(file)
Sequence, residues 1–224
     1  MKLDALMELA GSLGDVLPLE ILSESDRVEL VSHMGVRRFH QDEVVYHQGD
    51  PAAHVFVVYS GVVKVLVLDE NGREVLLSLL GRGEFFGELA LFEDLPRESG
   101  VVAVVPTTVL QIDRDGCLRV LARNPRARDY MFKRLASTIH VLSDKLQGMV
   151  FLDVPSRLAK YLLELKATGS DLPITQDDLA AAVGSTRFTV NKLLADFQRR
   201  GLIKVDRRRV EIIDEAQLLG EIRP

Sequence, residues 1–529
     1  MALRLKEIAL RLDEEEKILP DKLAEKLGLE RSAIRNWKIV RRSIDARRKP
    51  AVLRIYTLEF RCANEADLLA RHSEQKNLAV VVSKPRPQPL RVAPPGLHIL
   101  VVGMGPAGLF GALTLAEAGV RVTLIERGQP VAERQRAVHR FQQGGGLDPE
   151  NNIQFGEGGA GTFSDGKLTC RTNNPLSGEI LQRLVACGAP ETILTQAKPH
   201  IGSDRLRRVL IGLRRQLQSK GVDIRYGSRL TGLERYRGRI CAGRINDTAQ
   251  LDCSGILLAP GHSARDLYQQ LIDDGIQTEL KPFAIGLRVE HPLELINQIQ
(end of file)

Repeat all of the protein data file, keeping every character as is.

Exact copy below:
Sequence, residues 1–224
     1  MKLDALMELA GSLGDVLPLE ILSESDRVEL VSHMGVRRFH QDEVVYHQGD
    51  PAAHVFVVYS GVVKVLVLDE NGREVLLSLL GRGEFFGELA LFEDLPRESG
   101  VVAVVPTTVL QIDRDGCLRV LARNPRARDY MFKRLASTIH VLSDKLQGMV
   151  FLDVPSRLAK YLLELKATGS DLPITQDDLA AAVGSTRFTV NKLLADFQRR
   201  GLIKVDRRRV EIIDEAQLLG EIRP

Sequence, residues 1–529
     1  MALRLKEIAL RLDEEEKILP DKLAEKLGLE RSAIRNWKIV RRSIDARRKP
    51  AVLRIYTLEF RCANEADLLA RHSEQKNLAV VVSKPRPQPL RVAPPGLHIL
   101  VVGMGPAGLF GALTLAEAGV RVTLIERGQP VAERQRAVHR FQQGGGLDPE
   151  NNIQFGEGGA GTFSDGKLTC RTNNPLSGEI LQRLVACGAP ETILTQAKPH
   201  IGSDRLRRVL IGLRRQLQSK GVDIRYGSRL TGLERYRGRI CAGRINDTAQ
   251  LDCSGILLAP GHSARDLYQQ LIDDGIQTEL KPFAIGLRVE HPLELINQIQ